Saturday, July 14, 2012

Are You Self-Scrutinizing? Not Enough? Too Much?

I have a friend (C.) who engages in what he calls "self-absorbed list-making."  He just sent me his list of "Things I'm Good At" followed by "Things I'm Not Good At."

This is the same friend who wrote a list of "Things I Believe" which I discussed in the blog, What Should I Believe In?.  He says he considers his lists an exercise in self-understanding.  Also, he clearly has chosen self-absorbed list-making over other possibly more dangerous or addictive activities.  So I applaud his pastime.

His list, so far, is short although wide-ranging.  It includes work habits:
  • I am good at finishing what I start
  • I am good at procrastinating
specific skills:
  • I am pretty good at learning languages
  • I am good at writing music (sometimes)
and mental processes:
  • I'm good at questioning fundamental ideas that others might accept as self-evident truths.
His list of things he's not good at is presented without apology:
  •  I am not very punctual
  •  I am not very good at making money. I just don’t think that way.
Although there is occasionally a slight wistfulness:
  • I wish I were better at renewing old friendships than I am ...
  • Sadly, I am not much of a ladies’ man.
What am I to make of this?  Most of us do not feel the need to make such a list unless we're preparing for that horrible (but important) job-interview question, "What are your weaknesses?"  (Interviewers want to see if you are capable of self-scrutiny.)

Most of us also prefer to hear how wonderful we are from others. ("You're a fabulous lover.")  If your self-esteem is shaky, the list might lead you to the nearest bridge.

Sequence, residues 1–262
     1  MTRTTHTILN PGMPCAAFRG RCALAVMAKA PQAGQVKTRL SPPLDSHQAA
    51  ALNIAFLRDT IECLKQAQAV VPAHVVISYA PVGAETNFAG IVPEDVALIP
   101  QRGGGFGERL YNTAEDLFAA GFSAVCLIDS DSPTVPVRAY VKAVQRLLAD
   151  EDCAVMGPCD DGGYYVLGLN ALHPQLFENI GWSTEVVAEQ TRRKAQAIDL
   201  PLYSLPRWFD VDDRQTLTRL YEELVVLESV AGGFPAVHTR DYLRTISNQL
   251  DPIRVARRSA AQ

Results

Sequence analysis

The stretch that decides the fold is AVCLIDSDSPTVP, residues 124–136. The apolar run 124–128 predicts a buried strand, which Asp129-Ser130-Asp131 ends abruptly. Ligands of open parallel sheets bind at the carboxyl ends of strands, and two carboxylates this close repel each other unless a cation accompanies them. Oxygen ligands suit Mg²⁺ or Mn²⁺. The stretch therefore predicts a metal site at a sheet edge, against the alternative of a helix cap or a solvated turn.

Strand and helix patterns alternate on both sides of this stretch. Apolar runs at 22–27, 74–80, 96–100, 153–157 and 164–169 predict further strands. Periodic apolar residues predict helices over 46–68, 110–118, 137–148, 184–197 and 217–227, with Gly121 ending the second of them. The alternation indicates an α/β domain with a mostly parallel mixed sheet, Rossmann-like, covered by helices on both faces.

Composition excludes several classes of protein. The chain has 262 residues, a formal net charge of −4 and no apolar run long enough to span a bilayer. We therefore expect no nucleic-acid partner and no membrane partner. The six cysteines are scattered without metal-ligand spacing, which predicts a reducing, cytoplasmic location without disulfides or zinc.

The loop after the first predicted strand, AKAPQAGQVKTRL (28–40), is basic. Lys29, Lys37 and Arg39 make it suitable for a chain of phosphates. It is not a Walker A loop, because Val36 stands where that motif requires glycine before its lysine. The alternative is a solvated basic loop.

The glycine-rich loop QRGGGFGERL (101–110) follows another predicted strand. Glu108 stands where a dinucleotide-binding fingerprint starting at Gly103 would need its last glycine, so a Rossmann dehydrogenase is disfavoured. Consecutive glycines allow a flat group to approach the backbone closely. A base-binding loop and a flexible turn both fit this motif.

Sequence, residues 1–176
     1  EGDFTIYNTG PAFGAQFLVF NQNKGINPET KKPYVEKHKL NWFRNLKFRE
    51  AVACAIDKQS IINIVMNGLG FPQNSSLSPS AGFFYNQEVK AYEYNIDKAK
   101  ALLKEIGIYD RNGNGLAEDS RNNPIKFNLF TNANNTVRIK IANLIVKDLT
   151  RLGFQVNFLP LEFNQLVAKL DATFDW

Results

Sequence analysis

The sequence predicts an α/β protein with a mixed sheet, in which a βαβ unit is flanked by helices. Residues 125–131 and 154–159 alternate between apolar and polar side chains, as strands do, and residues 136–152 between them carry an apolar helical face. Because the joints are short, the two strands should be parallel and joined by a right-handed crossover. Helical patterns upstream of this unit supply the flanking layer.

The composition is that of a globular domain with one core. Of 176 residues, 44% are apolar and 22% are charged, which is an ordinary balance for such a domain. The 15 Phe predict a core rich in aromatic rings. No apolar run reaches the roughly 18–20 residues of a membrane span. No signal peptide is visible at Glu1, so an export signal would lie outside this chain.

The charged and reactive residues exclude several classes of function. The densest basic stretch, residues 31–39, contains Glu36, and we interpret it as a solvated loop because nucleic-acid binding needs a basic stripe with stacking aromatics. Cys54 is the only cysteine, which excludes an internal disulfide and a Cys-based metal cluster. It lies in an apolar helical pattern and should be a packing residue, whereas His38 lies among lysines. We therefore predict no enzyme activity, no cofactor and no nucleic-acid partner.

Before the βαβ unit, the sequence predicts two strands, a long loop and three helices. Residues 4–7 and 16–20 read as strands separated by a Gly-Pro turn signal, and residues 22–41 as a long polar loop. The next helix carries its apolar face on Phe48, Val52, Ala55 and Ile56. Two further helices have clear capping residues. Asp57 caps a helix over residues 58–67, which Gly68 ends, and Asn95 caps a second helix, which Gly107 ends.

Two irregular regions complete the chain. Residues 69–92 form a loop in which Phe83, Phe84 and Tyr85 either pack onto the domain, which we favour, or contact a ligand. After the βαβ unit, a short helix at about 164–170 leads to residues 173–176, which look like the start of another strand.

On the other hand, it might not be a bad idea to make such a list, and having done so to look for ways to share or teach the things we're good at, or to seek to improve the things we wish to improve - or maybe just to understand and accept ourselves more.

I just sent C. the following questions:
  1. Do you feel you know yourself better after completing your list?
  2. Has it made you want to become better at things you are not good at, or more accepting of yourself?
  3. Has it provided a framework for what seems to be your life?
  4. Do you recommend this for others?
I'll report on his answers when they arrive.

I tried momentarily to write myself a list of things I'm good and bad at, but I didn't get very far.  I'm not that self-scrutinizing.  I know one thing though.  If I did make that list, I don't think I'd send it to anyone.  Unless they asked.

Meanwhile, how do you self-scrutinize?


  1. Nice blog post -- but I'm not sure why you say that if you made such a list you'd never send it to anyone else. Is it "oversharing"?

    1. no, it's not oversharing. I'm not sure anyone would find it that interesting (except job interviewers), unless I specified the sexual details, and then it would sound like a personal ad.

      maybe it just seems too big a project.

  2. C's reply to my questions:

    I have not "completed" this list -- nor any of my lists. I expect I've only just begun.

    Time will tell if it makes me any better at the things I'm good at, or worse at the things I'm bad at -- but I doubt it.

    I have no response to your other two questions.